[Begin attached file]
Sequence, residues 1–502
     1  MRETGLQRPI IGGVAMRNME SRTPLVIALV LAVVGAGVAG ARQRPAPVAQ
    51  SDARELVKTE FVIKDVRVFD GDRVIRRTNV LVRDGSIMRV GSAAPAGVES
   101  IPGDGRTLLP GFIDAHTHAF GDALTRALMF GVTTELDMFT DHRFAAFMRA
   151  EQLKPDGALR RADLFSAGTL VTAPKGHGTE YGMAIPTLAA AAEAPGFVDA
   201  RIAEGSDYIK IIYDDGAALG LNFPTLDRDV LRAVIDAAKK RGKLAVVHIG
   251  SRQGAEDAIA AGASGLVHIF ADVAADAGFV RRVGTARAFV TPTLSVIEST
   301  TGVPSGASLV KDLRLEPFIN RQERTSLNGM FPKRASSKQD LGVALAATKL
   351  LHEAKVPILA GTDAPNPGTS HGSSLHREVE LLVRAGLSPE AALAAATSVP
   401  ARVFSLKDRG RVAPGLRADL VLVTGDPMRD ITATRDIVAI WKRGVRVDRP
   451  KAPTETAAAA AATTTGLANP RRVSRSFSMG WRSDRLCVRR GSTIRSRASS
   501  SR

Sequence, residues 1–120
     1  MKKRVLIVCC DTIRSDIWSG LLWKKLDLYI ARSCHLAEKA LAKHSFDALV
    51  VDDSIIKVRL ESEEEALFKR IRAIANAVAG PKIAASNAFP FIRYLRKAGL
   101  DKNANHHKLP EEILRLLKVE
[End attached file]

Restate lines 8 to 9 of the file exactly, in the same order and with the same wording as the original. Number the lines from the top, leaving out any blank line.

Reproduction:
   301  TGVPSGASLV KDLRLEPFIN RQERTSLNGM FPKRASSKQD LGVALAATKL
   351  LHEAKVPILA GTDAPNPGTS HGSSLHREVE LLVRAGLSPE AALAAATSVP